Speaking of the potential benefits of the ties that bind the two nations, Pence mentioned economic, strategic, innovation, “exciting partnerships” in energy, infrastructure and space exploration, upholding shared values including democratic principles on the world stage. “We are both freedom-loving nations”, he said. About the economic strides, he noted that “in the last 20 years, we have seen a 500 percent increase in the trade relationship between the United States and India”.
The vice president told the USISPF summit, “I just want that rising generation in India and Indian business leaders, both men and women, who are looking to make investments in this country today to know that America is not only open for business, but we look forward to growing the relationship between our two countries for decades to come”.
The Trump administration has been criticized for its hardline policies on immigration including a crackdown on H-1B visas largely lapped up by Indian professionals. Admitting that there are challenges with the immigration system in the United States, the vice president vowed that if the Trump re-election campaign emerges victorious on November 3, “We are going to fix our broken immigration system once and for all”.
“As the president and I have spoken many times, part of that second term agenda is going to be the kind of immigration reform that is built on the principle of a merit-based immigration system”, he said. “We want people to come to this country that are ready to participate, ready to contribute as people from India have done”.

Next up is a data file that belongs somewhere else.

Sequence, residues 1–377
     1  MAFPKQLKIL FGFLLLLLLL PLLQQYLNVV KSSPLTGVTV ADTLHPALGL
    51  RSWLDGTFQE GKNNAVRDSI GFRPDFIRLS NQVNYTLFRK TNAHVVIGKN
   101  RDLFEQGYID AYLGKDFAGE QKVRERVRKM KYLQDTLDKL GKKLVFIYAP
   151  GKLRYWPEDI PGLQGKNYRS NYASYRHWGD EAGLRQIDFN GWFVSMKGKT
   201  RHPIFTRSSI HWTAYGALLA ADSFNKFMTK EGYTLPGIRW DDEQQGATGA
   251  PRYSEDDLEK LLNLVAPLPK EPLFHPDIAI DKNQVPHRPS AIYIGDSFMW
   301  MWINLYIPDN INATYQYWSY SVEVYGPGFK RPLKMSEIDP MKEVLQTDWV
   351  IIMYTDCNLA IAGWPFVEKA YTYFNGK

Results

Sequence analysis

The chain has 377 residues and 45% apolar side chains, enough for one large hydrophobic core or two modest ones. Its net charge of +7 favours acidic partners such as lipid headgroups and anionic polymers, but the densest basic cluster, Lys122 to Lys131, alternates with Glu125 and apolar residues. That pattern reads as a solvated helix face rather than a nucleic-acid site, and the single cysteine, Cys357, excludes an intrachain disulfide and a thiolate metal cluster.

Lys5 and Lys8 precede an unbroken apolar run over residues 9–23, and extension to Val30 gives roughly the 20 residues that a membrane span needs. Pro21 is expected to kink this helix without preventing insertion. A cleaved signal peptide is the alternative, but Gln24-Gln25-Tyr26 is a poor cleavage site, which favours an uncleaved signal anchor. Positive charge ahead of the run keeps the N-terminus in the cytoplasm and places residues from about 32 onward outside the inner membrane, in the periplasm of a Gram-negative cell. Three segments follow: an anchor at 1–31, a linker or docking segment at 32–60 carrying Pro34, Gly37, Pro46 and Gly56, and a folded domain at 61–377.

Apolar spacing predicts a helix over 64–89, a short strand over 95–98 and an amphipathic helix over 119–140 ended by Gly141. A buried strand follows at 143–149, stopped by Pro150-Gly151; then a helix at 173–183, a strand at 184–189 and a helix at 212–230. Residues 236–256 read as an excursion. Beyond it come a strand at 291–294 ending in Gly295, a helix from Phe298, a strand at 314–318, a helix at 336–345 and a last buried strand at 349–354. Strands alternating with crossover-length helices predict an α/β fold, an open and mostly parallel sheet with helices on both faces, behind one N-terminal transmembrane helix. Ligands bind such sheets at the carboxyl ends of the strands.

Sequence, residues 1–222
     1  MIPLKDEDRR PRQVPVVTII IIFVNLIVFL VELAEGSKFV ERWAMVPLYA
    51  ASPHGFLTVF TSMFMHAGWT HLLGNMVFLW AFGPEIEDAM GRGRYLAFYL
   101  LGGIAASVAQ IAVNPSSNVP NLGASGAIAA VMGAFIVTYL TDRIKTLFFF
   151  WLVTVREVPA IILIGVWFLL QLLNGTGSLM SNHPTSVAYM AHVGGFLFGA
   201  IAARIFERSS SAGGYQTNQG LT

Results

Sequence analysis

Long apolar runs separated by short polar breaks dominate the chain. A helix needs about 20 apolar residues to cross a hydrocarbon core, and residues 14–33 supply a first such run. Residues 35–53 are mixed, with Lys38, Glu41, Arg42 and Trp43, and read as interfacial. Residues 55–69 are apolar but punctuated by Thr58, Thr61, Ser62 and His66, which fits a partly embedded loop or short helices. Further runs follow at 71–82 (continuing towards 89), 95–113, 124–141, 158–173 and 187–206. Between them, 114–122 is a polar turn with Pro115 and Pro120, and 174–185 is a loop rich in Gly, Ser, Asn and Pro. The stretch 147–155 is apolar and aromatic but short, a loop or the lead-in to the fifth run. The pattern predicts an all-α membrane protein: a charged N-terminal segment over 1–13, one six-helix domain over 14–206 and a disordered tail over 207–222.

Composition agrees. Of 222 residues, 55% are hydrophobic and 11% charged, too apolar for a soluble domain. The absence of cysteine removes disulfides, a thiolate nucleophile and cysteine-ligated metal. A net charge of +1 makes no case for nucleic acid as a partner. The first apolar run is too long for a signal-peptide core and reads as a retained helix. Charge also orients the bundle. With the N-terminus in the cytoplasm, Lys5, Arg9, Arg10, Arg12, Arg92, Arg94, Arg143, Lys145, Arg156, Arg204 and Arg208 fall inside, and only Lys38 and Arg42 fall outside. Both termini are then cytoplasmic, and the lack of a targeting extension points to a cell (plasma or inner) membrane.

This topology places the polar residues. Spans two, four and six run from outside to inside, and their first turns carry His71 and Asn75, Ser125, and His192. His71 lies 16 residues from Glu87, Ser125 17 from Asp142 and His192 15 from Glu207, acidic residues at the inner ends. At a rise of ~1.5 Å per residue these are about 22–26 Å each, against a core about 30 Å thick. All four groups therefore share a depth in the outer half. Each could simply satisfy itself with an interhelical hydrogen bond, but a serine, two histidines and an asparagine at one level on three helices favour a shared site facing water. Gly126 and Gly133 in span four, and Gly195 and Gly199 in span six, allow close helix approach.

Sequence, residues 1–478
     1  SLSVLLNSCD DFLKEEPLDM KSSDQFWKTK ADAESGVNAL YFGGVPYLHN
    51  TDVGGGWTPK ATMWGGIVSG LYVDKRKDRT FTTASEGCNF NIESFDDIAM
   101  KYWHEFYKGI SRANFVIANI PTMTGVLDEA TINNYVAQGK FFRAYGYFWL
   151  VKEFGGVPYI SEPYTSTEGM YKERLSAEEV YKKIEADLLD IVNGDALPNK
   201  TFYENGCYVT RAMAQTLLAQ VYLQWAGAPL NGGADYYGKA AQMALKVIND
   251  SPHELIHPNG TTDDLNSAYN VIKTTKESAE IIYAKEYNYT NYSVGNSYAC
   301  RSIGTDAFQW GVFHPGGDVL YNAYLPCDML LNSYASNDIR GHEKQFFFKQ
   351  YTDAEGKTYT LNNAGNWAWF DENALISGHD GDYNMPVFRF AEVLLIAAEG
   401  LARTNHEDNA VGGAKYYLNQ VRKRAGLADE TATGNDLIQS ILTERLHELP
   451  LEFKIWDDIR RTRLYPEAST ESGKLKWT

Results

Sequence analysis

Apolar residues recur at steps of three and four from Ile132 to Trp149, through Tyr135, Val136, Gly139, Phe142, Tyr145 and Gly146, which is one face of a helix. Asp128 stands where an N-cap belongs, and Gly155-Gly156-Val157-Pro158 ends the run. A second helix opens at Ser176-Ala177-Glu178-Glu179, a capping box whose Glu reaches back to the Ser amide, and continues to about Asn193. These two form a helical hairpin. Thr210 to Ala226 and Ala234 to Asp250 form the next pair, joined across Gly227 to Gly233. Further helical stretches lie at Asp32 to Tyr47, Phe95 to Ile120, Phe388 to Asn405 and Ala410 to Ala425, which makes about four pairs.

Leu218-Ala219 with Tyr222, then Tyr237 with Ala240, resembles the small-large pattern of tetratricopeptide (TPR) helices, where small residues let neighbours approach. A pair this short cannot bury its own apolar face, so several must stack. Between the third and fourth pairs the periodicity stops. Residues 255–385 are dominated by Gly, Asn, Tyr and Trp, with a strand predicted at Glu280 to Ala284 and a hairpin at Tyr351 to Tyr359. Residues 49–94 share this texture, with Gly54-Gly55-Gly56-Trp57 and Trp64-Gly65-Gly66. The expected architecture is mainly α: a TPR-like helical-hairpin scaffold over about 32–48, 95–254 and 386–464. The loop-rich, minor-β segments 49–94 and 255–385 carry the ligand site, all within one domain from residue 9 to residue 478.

When queried about the strain in ties with China, the vice president accused the communist country of a trade imbalance with the US, and human rights abuses including religious persecution. “We’ve seen China break their word to the world with regard to Hong Kong. We’ve seen provocative military actions in the South China Sea by China”, he said.
US strategists have long seen India as a powerful counterweight to China. On Monday, Pence told the USISPF summit, “There is no question that the (India-US) relationship that has been forged over the years, and then under President Trump and Prime Minister Modi, has never been stronger. It will strengthen the hand of those that want to see freedom in the Indo-Pacific, that want to see a future of freedom across Asia. As we (India and the US) stand together more closely for security in our economies, we believe that that will only strengthen the case for a future of freedom. We want a good relationship with every country in the world including China and President Trump has a very good relationship with President Xi (Jinping). But, we are going to continue to stand firm with our allies in the region like India”, he said.